Long time fan of William Gibson, I’d been eagerly anticipating publication of Agency in January and was thrilled to receive an advance copy of it from Netgalley and the publisher.

Agency starts in typical Gibson way, fast pace, lots happening, new concepts that will have you scratching your head for an explanation, multiple points of view. This is one of the reasons I love Gibson books, they are challenging, prophetic, speculative and highly enjoyable (even when you’re scratching your head). It’s
Kelly Spoer
I've been waiting to read this book since Gibson announced he was writing it.

I literally just finished the got i got from netgalley, and I'm not 100% sold on it.

The book alternates between two timelines/alternative universes/past/future, and it takes a bit for the story to get rolling. Or, more specifically, the story to feel more Gibson-esqe.

I wanted this to be darker. I wanted this to be longer. I want to know who Lowbeer is and HER world. I don't particularly care about Veritiy, and as the
Donna Hines
That moment when you receive an 'Exclusive Look' but can only base an entire review on 15 pages...So here is my take on it all.
This is the 2nd book in The Peripheral in which science fiction and dystopia based on current events.
The language utilized was a 'huge' turnoff for me especially when it does nothing for the plot nor adds strength to the characters actions.
Verity Jane is our gifted app whisperer who takes on a job as a beta tester as a new digital assistant.
Meanwhile, Eunice is our AI
Jo Sé
Dec 15, 2019 rated it liked it
Was given a free copy from NetGalley in exchange for an honest review.

I approached this book with low expectations as I've never been able to penetrate Gibson's prose, for all it's praise I could make no sense of Nuromancer, to the point that I couldn't even see his apparent mention of the internet ahead of time. Agency for me suffers from the same problem, I get the impression with Gibson that he finds more importance that his sentences look and sound aesthetically beautiful because of his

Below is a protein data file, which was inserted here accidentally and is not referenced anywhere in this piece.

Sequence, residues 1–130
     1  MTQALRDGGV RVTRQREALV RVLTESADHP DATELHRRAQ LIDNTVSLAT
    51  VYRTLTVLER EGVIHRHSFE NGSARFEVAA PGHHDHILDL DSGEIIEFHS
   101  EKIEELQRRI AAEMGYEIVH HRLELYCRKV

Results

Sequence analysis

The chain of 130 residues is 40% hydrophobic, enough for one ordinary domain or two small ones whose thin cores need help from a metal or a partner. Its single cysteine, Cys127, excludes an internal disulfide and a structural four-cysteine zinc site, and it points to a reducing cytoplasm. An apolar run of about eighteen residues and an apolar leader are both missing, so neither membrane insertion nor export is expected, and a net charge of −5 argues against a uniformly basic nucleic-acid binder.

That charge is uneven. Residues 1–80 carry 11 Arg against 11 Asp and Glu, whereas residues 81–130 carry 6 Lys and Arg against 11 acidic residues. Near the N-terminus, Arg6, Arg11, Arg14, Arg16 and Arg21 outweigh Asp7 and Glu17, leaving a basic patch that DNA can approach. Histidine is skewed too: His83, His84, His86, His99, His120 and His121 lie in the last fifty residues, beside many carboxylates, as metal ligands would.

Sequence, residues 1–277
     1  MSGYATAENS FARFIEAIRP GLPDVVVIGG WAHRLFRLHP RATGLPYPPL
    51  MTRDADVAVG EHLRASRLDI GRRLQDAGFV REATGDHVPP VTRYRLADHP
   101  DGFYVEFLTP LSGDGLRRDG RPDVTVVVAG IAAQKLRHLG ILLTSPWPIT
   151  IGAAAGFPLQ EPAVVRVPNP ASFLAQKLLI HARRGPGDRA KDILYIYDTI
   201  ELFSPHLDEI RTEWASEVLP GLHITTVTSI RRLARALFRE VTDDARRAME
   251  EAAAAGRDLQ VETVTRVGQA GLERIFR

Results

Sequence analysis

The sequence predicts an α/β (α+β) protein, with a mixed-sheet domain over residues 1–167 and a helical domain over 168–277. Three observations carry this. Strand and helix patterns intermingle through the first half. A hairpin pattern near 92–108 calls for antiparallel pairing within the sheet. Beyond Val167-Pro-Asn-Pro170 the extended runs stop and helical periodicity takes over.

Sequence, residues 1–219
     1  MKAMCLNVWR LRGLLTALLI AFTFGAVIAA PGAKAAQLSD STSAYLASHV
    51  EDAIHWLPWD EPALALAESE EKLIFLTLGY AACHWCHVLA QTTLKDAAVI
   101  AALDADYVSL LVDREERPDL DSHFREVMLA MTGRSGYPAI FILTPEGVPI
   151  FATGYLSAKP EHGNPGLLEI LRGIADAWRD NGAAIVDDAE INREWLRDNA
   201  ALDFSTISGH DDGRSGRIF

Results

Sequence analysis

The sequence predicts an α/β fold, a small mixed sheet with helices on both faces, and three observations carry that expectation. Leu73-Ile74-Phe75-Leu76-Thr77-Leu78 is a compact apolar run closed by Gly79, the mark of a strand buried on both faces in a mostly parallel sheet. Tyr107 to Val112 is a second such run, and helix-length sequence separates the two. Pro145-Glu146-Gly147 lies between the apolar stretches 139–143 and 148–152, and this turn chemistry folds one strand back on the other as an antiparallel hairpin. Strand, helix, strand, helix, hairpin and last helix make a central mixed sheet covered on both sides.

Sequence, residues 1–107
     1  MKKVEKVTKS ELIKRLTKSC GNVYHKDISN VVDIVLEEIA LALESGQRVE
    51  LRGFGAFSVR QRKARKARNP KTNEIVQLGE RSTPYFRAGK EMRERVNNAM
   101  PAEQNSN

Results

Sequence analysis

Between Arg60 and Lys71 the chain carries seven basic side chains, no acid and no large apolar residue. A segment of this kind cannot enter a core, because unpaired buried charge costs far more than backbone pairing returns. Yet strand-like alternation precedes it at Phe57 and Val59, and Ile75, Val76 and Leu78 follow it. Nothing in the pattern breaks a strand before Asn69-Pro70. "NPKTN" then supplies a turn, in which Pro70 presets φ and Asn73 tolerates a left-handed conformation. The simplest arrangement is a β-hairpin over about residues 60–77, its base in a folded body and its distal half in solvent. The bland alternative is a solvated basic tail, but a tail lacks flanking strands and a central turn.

Sep 02, 2019 rated it really liked it
Shelves: science-fiction
Lucky enough to get an advanced copy of this eagerly awaited follow-up to The Peripheral. Not a direct sequel, but in the same narrative universe, Agency is Gibson's response to the current state of our timeline. It's ultimately an optimistic book, as I think most of his works are, placing hope in the power of good people using technology to better the world (or at least combat those with different aims). He's as smart and hip as ever. The story could be a little tighter which would make the ...more
Paul Sparks
Nov 25, 2019 rated it really liked it  ·  review of another edition
I have never read any of William Gibson’s books before and I was very impressed by this book so I will be rectifying that soonest, this is thought provoking science fiction with good drama and story telling with characters you invest in and care about
Nov 21, 2019 marked it as to-read  ·  review of another edition
Shelves: disclaimer
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Nov 27, 2019 rated it liked it
Good, not great.
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Aug 24, 2019
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Dec 04, 2019
Rock Wolf
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Dec 28, 2018
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Nov 16, 2019
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Jan 11, 2018
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Joe Jones
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Librarian Note: There is more than one author in the Goodreads database with this name. See this thread for more information.

William Ford Gibson is an American-Canadian writer who has been called the father of the cyberpunk subgenre of science fiction, having coined the term cyberspace in 1982 and popularized it in his first novel, Neuromancer(1984), which has sold more than 6.5 million copies

Other books in the series

The Peripheral (2 books)
  • The Peripheral